Monday, March 28, 2011

Living Right Now

It's a gorgeous, sunny afternoon at the Bakehouse and I am happily digesting a tuna melt and mac & cheese.  The place is packed; a group of Chinese mothers are chatting while their infants stare at the strange sights.  At a window table, a young couple is eating lunch.

When the couple first entered, they seemed very much in love.  They sat down holding hands and made silly faces at the babies.  They shared soda out of same glass, Norman Rockwell style.  Their faces were joyful, their voices clear.  I felt their happiness and perhaps even a touch of jealousy.

The moment fully enveloped them.  They were engaged with, and engaged by, where they were right now, what they were doing right now.  This is a rare thing, rarer than it should be.

As a child, it was so easy to be present, to embrace the moment.  I remember one summer day when I, all of 10 years old, realized that inter-dimensional invisible dinosaurs were trying to destroy the universe.  No one else saw them; the responsibility of defeating their nefarious schemes fell on my shoulders alone.  My weapon?  A hockey stick.  Two hours later, I banished them to their nether realm and fell sweaty and blissful into the grass.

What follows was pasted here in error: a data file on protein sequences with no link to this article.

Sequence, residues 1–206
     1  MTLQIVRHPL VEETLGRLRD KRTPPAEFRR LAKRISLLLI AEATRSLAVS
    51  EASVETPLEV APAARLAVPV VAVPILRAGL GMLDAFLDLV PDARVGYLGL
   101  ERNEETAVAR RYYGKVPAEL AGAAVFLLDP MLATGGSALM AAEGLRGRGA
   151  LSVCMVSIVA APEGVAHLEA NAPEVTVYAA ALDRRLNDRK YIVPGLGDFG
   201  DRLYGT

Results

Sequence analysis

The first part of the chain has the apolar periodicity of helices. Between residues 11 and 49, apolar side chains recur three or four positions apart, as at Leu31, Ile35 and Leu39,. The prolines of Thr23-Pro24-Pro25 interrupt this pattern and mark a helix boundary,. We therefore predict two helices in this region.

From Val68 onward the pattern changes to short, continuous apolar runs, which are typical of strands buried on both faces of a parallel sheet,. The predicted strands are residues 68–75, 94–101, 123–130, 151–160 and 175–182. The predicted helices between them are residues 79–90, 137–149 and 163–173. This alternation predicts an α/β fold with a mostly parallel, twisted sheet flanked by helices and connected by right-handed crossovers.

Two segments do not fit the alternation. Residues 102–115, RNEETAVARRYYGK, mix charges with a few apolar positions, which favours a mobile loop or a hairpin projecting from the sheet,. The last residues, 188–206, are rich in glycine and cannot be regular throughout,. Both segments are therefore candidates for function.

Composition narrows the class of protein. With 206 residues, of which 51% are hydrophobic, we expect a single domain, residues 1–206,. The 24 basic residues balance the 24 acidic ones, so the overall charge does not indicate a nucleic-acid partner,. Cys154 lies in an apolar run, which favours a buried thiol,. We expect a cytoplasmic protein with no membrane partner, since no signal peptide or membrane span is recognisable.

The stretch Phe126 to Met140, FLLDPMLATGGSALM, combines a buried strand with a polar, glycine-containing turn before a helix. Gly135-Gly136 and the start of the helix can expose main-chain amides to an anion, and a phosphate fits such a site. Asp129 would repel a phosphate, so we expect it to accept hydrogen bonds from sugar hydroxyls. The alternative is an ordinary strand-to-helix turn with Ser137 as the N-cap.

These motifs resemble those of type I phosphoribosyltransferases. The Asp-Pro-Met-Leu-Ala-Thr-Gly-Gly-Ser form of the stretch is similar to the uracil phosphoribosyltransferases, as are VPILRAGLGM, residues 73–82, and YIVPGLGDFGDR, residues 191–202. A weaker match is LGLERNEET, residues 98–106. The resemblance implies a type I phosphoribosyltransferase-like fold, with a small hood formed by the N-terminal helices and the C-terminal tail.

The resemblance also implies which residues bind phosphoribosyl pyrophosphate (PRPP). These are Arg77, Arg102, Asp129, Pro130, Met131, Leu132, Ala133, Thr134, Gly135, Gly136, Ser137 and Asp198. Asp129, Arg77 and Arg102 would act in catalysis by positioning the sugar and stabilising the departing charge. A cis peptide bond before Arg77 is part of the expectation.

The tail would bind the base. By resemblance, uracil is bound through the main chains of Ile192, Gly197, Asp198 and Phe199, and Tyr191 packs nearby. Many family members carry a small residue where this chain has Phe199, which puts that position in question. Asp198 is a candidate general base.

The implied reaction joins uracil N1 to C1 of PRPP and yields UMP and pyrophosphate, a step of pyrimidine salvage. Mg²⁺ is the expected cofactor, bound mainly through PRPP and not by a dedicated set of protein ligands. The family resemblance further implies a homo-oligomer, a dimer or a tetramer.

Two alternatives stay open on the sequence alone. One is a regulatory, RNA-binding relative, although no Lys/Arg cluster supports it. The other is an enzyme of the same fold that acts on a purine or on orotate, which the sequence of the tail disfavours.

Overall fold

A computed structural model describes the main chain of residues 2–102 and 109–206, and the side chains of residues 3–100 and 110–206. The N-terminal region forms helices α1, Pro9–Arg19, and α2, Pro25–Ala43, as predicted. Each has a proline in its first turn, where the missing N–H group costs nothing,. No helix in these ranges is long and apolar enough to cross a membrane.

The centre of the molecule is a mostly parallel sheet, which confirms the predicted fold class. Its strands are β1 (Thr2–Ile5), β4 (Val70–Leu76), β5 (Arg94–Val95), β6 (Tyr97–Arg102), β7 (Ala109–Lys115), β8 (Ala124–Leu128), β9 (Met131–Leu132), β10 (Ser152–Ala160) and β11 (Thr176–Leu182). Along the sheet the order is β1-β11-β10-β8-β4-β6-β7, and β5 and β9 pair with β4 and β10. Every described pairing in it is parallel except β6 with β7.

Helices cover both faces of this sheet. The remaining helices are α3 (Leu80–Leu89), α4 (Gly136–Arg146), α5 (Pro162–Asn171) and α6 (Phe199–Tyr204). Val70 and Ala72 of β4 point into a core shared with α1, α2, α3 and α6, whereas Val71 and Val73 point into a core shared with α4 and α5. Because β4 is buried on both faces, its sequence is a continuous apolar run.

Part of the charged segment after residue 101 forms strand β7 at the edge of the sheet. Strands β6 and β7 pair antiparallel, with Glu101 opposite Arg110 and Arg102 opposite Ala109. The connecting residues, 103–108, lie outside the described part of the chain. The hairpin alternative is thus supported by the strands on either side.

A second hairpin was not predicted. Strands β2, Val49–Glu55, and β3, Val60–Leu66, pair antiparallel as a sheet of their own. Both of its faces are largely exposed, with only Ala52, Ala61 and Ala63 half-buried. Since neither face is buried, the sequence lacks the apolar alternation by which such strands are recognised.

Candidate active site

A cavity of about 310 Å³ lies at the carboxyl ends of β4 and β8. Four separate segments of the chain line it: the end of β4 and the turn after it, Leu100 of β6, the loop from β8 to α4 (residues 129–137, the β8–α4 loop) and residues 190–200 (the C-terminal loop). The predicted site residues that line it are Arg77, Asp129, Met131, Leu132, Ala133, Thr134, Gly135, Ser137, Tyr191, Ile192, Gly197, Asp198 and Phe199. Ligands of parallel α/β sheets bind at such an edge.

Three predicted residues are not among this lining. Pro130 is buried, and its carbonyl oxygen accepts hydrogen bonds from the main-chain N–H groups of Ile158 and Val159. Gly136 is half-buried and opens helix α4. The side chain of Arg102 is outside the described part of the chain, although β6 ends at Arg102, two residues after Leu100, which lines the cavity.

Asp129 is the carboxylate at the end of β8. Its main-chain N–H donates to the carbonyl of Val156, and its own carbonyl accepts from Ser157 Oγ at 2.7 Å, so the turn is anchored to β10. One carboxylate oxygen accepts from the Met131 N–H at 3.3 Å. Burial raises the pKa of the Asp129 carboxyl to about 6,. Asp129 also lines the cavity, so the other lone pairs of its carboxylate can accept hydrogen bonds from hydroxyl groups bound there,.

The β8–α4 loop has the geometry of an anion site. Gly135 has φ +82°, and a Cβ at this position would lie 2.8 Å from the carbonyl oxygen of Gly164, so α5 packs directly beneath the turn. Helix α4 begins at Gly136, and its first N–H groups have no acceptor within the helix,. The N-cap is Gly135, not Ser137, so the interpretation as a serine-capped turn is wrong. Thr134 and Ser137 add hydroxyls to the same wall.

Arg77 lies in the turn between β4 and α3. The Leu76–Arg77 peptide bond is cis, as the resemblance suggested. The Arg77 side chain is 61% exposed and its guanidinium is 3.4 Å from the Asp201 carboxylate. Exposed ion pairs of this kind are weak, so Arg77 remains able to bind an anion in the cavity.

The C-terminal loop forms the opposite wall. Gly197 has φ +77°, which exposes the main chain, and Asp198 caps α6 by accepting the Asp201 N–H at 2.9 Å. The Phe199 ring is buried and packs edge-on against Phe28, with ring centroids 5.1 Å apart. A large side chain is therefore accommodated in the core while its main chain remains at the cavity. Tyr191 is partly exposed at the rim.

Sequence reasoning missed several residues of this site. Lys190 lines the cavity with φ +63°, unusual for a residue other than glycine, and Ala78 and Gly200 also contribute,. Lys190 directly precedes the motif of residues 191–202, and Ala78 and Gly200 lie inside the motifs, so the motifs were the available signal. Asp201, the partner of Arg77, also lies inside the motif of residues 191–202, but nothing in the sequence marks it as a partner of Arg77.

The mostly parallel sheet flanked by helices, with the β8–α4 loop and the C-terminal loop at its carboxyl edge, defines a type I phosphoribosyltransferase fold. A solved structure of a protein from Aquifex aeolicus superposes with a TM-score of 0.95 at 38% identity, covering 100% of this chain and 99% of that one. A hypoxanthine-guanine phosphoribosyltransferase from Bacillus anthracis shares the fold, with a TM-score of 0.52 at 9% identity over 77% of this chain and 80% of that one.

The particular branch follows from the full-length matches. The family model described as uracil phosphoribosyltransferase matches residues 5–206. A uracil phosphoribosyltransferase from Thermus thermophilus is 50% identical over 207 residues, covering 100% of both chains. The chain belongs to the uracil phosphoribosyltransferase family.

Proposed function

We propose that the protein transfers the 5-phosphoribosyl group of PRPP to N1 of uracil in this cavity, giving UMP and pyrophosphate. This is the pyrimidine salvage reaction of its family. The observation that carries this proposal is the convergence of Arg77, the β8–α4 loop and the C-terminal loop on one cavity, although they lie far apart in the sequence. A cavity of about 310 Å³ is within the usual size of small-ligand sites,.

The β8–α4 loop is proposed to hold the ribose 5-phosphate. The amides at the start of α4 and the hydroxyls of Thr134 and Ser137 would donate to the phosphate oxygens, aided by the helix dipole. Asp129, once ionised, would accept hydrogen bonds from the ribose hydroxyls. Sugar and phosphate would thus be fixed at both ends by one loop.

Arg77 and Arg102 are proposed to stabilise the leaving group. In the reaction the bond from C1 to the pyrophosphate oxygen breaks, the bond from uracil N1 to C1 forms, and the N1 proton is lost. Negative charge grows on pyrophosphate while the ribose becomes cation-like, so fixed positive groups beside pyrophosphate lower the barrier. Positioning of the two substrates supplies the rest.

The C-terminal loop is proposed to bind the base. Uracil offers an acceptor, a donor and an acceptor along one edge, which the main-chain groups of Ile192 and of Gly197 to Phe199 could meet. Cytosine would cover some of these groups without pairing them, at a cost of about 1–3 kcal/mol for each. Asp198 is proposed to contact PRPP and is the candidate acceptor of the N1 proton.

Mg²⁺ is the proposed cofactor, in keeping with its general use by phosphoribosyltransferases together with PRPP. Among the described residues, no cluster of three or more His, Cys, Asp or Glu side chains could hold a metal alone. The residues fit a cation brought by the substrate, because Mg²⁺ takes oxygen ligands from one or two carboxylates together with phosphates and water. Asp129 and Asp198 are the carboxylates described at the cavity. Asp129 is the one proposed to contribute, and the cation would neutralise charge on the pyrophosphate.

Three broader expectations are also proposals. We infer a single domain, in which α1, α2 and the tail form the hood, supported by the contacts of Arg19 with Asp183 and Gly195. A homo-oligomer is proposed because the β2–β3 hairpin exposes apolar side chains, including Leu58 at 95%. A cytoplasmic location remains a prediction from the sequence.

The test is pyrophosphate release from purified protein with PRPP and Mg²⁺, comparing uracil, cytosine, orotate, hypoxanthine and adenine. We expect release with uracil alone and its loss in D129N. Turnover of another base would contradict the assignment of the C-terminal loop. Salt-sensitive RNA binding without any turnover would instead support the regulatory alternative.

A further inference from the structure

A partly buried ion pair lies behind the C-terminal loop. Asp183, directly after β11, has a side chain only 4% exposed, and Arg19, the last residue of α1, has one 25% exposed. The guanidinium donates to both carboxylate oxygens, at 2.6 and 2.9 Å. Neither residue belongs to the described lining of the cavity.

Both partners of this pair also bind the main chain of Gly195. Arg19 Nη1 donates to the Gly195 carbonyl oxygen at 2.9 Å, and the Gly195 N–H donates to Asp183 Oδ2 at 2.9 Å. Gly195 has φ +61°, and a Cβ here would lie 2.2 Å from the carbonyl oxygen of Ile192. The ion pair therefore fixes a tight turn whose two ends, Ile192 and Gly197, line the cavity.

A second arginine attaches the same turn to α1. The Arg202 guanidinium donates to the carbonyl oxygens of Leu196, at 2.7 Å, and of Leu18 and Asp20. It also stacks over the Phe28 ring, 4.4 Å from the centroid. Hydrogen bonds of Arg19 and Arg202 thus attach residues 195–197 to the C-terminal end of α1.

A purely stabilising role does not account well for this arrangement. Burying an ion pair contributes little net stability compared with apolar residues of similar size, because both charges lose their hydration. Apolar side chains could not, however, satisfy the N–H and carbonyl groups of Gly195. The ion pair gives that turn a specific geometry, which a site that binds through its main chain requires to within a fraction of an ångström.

The young couple isn't saving the world from possible catastrophe, but that's the domain of children.  Their food arrives: a reuben with chips and a pickle for him, a lettuce, tomato, and mozzarella panini for her.  They grasp their sandwiches and lean in for a kiss.

Before their lips meet, he jumps as if waking from a dream.  His hand digs the phone out of his pant pocket and raises it to his face.  Her face goes blank; she leans back and takes a bite of her sandwich.  It doesn't taste as good as she had hoped.

His fingers flick across the screen, sending information out into the endless ether.  He apologizes and puts the phone away.  She accepts his apology.  They speak as they eat but their sentences stumble together.  When the food is gone, they don't linger.

As they leave, his hand twitches towards hers, then falls to his side.  They drive off and my jealousy disappears.

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